Now all eyes are upon Jesus. What will He think of this? Will He heal the boy now or will He agree that nothing can be done? Suddenly Jesus is doing the unexpected again. He’s turning the man’s words around. The man had said, “If you can do anything . . . .” Jesus says, “If you can.” (If you can believe.) In other words, the question is not about Jesus’ ability, Jesus’ adequacy. That will be demonstrated soon enough. That’s not the issue. What about this man making the appeal? Can he find the strength to believe? Is he up to this, or will his gloom and hopelessness stand in the way of a miracle? That’s the only thing in doubt here.

Now you hear Jesus startling everyone. He makes a sweeping promise, a bold pronouncement. “All things are possible to him who believes.” This is perhaps the highest tribute that Jesus ever gives to “believing.” According to Him, it has a kind of delegated omnipotence. There are no achievements too great, no obstacles too forbidding for the person who believes. Believing, it seems, brings people into the stream of God’s power, puts them in touch with His resources. And there is nothing too hard for the Lord. If this father will only believe, the future will be bright with hope.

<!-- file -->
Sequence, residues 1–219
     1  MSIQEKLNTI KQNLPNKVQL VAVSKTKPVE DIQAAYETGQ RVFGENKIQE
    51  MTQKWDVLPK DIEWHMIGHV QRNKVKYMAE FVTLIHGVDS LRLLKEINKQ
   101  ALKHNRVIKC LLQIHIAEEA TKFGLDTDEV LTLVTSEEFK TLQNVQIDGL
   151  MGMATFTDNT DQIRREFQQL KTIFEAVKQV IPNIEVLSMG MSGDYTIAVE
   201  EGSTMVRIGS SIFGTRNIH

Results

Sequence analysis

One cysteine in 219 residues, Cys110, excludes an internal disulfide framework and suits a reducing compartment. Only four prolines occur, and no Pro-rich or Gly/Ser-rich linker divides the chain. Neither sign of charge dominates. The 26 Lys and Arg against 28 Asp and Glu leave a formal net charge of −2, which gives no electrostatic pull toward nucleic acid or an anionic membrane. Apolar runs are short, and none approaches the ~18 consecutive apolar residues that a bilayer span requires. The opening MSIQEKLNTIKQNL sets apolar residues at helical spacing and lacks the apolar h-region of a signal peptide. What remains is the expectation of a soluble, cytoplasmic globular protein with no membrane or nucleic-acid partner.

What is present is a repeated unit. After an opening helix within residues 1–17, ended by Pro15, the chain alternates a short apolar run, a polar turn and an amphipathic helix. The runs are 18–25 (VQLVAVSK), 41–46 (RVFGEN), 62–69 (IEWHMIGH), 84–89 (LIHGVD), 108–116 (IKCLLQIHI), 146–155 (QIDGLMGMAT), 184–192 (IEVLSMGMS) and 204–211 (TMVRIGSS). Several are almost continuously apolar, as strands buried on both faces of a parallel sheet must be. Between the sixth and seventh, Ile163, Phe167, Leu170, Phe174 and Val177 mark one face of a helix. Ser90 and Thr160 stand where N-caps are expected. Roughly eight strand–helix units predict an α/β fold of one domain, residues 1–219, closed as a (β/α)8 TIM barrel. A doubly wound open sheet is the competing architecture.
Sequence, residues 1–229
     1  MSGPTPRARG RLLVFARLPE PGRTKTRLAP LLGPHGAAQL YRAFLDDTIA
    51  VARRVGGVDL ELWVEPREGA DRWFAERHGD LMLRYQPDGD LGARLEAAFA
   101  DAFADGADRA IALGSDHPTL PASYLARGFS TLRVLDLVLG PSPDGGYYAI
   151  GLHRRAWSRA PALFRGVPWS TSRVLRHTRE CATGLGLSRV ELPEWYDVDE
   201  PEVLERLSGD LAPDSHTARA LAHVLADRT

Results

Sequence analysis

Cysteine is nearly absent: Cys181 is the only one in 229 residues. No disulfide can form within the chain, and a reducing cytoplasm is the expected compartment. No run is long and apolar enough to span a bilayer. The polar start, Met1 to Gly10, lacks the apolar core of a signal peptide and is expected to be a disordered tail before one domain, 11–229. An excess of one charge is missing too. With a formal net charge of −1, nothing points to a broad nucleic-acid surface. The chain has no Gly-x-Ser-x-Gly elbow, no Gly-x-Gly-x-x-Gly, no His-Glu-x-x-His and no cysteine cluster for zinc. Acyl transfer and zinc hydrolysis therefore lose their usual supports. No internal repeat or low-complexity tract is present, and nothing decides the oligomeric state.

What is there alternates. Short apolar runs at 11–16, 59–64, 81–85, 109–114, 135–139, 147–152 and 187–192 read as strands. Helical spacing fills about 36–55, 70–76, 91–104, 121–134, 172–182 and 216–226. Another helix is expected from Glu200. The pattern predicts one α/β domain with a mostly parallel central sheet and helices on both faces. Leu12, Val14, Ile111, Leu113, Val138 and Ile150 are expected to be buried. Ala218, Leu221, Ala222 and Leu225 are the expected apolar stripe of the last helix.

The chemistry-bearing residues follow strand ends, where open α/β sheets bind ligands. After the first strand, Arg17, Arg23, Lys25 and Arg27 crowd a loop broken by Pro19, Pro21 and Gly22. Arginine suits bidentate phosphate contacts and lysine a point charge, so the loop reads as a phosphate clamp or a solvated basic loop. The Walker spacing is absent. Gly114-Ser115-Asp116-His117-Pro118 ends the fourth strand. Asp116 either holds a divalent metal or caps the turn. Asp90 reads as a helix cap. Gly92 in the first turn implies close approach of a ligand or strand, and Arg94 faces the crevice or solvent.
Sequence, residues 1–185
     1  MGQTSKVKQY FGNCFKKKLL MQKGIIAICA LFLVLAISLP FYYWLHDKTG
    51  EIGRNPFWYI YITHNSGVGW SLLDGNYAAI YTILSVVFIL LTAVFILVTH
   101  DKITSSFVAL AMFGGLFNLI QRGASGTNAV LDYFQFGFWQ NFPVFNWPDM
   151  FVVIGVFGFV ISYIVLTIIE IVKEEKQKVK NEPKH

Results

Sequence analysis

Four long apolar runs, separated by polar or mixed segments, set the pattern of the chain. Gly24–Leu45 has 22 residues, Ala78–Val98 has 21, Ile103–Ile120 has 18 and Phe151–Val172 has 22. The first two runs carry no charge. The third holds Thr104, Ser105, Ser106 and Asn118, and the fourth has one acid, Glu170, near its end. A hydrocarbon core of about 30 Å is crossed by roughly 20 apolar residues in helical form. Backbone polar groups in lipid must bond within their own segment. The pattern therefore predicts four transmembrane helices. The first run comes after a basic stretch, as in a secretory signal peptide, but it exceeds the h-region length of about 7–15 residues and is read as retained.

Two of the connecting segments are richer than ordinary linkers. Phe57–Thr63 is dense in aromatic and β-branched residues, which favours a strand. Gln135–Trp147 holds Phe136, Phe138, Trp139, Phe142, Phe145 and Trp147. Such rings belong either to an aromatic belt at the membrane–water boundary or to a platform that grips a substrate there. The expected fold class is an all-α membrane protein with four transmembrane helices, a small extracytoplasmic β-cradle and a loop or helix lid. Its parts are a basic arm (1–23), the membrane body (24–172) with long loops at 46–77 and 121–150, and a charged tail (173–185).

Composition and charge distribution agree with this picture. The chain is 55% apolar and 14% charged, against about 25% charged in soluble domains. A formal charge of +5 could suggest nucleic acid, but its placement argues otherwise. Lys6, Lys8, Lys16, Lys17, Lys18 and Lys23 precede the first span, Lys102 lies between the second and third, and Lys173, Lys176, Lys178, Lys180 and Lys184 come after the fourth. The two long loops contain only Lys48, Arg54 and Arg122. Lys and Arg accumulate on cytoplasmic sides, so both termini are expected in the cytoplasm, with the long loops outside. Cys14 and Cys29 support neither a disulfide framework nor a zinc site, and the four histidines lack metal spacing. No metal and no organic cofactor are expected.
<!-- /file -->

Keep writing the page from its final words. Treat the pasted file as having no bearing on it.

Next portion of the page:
Yes, but that’s just the problem, isn’t it? Can we believe as we ought? How do we get the faith we need? Listen to the father’s response. He cries out with a loud voice, “I believe. I trust in You, Jesus. I believe You can help. I really mean it.” But then comes the plea, “Help my unbelief.” He confesses to doubts. He’s been disappointed many times before. This problem has persisted for a long time. He’s gotten his hopes up again and again, but no miracle has come. The long agony of concern for his son has gone on and on. “Sometimes it’s hard to believe, Jesus. I don’t want to be weak and wavering. I don’t want to be a doubter. I surely don’t want my unbelief to stand in the way of my son’s healing. So please, Jesus, help me in my struggle, free me from my fears and give me what I need. Help my unbelief.”